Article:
Tuesday, May 22, 2007

Chesterton on Marriage and a delightful bit from Berry

The revolt against vows has been carried in our day even to the extent of a revolt against the typical vow of marriage. It is most amusing to listen to the opponents of marriage on this subject. They appear to imagine that the ideal of constancy was a joke mysteriously imposed on mankind by the devil, instead of being as it is a yoke consistently imposed on all lovers by themselves. They have invented a phrase, a phrase that is a black v. white contradiction in two words -- 'free love' -- as if a lover ever had been or ever could be free. It is the nature of love to bind itself, and the institution of marriage merely paid the average man the compliment of taking him at his word. Modern sages offer to the lover with an ill-favoured grin the largest liberties and the fullest irresponsibility; but they do not respect him as the old Church respected him; they do not write his oath upon the heavens as the record of his highest moment. They give him every liberty except the liberty to sell his liberty, which is the only one that he wants. - 'The Defendant.'

"When despair for the world grows in me, and I wake in the night at the least sound in fear of what my life and my children's lives may be -- I go and lie down where the wood drake rests in his beauty on the water, and the great heron feeds. I come into the peace of wild things who do not tax their lives with forethought or grief. I come into the presence of still water. And I feel above me the day-blind stars waiting with their light. For a time I rest in the grace of the world, and am free." - Wendell Berry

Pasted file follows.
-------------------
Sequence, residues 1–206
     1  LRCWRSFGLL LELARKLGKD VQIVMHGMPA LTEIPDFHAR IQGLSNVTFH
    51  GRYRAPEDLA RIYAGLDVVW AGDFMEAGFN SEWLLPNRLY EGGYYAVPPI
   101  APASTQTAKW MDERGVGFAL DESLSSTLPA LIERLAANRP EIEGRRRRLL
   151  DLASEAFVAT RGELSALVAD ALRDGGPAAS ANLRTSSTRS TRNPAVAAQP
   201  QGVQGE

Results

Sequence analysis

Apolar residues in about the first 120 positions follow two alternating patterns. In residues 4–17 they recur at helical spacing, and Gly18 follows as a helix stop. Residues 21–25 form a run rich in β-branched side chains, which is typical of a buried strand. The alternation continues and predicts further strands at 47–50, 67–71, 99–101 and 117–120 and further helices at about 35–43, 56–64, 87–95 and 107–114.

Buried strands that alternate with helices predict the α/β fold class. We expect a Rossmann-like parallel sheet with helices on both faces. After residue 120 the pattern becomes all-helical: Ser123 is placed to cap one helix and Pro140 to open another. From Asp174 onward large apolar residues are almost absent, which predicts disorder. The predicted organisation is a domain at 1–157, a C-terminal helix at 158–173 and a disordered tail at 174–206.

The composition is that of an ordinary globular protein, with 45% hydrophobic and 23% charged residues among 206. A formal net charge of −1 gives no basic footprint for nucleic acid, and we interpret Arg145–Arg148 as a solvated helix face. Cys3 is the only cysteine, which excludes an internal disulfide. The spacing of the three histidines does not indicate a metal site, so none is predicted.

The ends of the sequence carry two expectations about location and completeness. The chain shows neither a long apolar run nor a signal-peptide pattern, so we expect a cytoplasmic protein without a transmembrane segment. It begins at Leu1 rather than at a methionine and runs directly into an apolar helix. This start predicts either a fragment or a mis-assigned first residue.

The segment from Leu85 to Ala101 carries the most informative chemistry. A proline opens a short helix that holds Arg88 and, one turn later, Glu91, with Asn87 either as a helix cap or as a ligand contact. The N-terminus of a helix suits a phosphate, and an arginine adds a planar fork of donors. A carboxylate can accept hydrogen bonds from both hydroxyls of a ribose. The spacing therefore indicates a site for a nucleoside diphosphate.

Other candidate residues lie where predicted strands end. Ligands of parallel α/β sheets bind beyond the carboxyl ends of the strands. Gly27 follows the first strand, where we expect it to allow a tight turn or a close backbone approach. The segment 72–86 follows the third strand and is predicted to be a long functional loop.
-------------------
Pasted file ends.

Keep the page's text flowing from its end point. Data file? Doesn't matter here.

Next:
Saturday, May 19, 2007


Mmm... it is so nice to be able to read again! It makes me want to pursue a degree in English Literature so that I might read just as much during the school year. But then, "forced" reading is never as much fun. :-) Alas.

I've been working my way through a variety of different books in different subject areas:
the Collected Poems of Czeslaw Milosz and of Zbigniew Herbert, This Tremendous Lover by Boylan, The Path to Rome by Belloc, Getting Things Done by David Allen, How to Win Friends and Influence People by Carnegie (about time for a reread), The Complete Stories of Flannery O'Connor, The Children of Hurin by Tolkien, and smatterings of Ovid's Erotic Poetry.

That the two books of poetry are intense and phenomenal goes without saying. Milosz and Herbert were both Polish poets who grew up under the shadow of the Nazis and the Soviets, such gardens breed tough literature. As Chesterton says, "There are twenty minor poets who can describe fairly impressively an eternity of agony; there are very few even of the eternal poets who can describe ten minutes of satisfaction." Both Milosz and Herbert are of the latter ilk. It is as if the petty, the mundane, the hackneyed has been stripped away and only the best of humanity, or its lack remains. There is an abiding sense of loss and tragedy throughout as well, which bespeaks greatness; there are few great authors who have happy stories.

This Tremendous Lover is my father's favorite book of all time. It is somewhat embarrassing to admit that this is the first time that I have read it, but maybe that is for the best. It is a dense book that I might have skimmed over without much comprehension even very recently. It tells the story of Catholicism from the point of view of a... well... Hobbit, if you get my meaning.

The Path to Rome is a journey I have been meaning to take for a long while. Belloc is one of my perennial favorites and this is considered by many to be his master work. It tells the story, albeit with many brief side ramblings, of his foot journey from France to Rome. His gift for visual description is remarkable: "In St. Pierre it was just that passing of daylight when a man thinks he can still read; when the buildings and the bridges are great masses of purple that deceive one, recalling the details of daylight, but when the night birds, surer than men and less troubled by this illusion of memory, have discovered that their darkness has conquered." What a fellow!